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Obama: 'Moment may be passing' for two-state solution

News - Americas

Barack Obama's last news conference as US leader focuses on Israeli-Palestinian conflict, Russia and Chelsea Manning.

Barack Obama

The prospects for a two-state solution to the Israeli-Palestinian conflict are waning because of growing Israeli settlement of the West Bank, Barack Obama has said in his final press conference as US president.

Obama said on Wednesday that his administration did not block a UN resolution on Israeli settlement activity last month because it felt a two-state solution was the only option for peace.

"The goal of the resolution was to simply say that the ... growths of the settlements are creating a reality on the ground that increasingly will make a two-state solution impossible," he said.

"It was important for us to send a signal, a wakeup call that this moment may be passing."

Obama defended his administration's rapprochement with Cuba and his move to end the "wet foot, dry foot" policy that lets any Cuban who makes it to US soil stay and become a legal resident.

Ending the visa-free path was the latest development in a warming of relations that has included the easing of the US economic embargo and the restoration of commercial flights between the two countries.

"That was a carry-over of an old way of thinking that didn't make sense in this day and age, particularly as we're opening up travel between the two countries," Obama said of the "wet foot, dry foot" policy.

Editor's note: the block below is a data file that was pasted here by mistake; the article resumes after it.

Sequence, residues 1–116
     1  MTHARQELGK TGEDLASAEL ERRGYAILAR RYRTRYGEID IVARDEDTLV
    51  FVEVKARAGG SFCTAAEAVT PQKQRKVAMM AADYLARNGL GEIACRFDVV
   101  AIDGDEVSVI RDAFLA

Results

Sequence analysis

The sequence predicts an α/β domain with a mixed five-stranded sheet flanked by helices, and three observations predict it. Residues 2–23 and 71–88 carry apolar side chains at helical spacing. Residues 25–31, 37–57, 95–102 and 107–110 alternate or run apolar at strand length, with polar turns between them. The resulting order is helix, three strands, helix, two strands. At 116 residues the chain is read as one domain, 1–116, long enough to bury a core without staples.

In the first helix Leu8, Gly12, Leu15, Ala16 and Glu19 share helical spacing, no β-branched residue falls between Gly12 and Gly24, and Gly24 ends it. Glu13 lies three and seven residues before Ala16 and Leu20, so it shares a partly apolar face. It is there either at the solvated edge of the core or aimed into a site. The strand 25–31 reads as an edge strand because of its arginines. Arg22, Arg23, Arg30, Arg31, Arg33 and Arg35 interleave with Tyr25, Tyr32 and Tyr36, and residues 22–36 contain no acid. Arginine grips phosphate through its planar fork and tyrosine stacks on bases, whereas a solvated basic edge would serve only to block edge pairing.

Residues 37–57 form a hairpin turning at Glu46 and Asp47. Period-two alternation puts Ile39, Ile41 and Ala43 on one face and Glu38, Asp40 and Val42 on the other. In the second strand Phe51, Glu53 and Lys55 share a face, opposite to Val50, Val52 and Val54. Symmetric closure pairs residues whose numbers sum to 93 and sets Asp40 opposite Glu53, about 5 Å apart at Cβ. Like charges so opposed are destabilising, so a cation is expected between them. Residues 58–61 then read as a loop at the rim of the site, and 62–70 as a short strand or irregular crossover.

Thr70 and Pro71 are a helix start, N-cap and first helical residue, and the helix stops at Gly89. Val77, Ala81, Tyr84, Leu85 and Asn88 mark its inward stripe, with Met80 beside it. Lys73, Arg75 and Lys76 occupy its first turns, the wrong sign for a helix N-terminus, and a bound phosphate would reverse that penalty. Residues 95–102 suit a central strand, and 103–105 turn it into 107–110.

Obama also defended his decision to cut nearly three decades off convicted leaker Chelsea Manning's prison term on Wednesday, arguing that the former army intelligence analyst had served a "tough prison sentence" already.

He said he granted clemency to Manning because she had gone to trial, taken responsibility for her crime and received a sentence that was harsher than other leakers had received.

He emphasised that he had merely commuted her sentence, not granted a pardon, which would have symbolically forgiven her for the crime.

READ MORE: Reducing Manning's sentence 'outrageous', say Republicans

"I feel very comfortable that justice has been served," Obama said.

Manning was convicted in 2013 of violating the Espionage Act and other crimes for leaking more than 700,000 classified documents to WikiLeaks, the whistleblower website, while working as an intelligence analyst in Baghdad.

Formerly known as Bradley Manning, she declared as transgender after being sentenced to 35 years in prison.

She had served more than six years before Obama commuted her sentence on Tuesday, with a release date set for May.

Russia policy

In Wednesday's speech, Obama also called on President-elect Donald Trump to continue trying to persuade Russia to reduce its nuclear stockpiles.

He said that he tried to negotiate further reducing nuclear arsenals with Russian President Vladimir Putin, but he said Russia's leader was reluctant.

Obama also called on the next administration to lead by example and work to prevent big countries from "bullying" smaller nations.

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